While admitting that it is a good sign, he is worried that the Education Ministry might use this as an excuse to post more non-Mandarin-speaking teachers to such schools, resulting in the erosion of their characteristics in the long run, Oriental Daily News reported today.
He stressed that he is not against having more bumiputra pupils in Chinese schools – in fact Chinese schools very much welcome them – but has to bring up the "possible outcome of such a phenomenon" and be concerned that the Chinese school education system might come under threat.
"When more and more bumiputras send their children to Chinese schools, the authorities would have an excuse to allocate more (non-Mandarin-speaking) bumiputra teachers to these schools, eventually affecting their education system, to the extent that they might one day become national schools."
Citing the case of a notable Chinese primary school near his house, he said that in a departure from the norm, the school's headmaster or teachers were heard addressing its weekly assemblies in Bahasa Malaysia lately.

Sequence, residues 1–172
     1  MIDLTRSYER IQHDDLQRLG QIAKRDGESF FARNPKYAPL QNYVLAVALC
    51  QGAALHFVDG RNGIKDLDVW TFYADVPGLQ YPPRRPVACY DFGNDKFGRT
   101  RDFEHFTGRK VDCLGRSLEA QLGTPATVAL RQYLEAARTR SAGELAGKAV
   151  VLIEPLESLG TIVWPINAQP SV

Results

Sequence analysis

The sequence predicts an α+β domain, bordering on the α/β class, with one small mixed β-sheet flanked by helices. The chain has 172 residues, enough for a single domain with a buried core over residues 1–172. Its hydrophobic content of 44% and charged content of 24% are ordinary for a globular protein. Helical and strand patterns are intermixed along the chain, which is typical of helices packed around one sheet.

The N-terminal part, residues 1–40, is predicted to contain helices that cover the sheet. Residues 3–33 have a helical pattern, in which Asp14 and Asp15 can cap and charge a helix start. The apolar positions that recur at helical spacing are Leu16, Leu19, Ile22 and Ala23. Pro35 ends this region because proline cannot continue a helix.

He later found out that it was because some non-Mandarin-speaking teachers had been posted to the schools.
Foo, who is also the honourary chairman of both Perak Hakka Association and Shen Jai High School's board of directors, said this at the 41st anniversary dinner of the school's old students association in Ipoh last Saturday night.
He said Malaysian Chinese, particularly those passionate about championing the Chinese language, are well known for their efforts and contributions towards the development of Chinese education in Malaysia.
Pointing out that the pioneers of the "Revival Movement" who aroused the community's interest in propagating the Chinese language are already in their twilight years, Foo hoped to see a crop of young leaders picking up the baton.
- The Sun Daily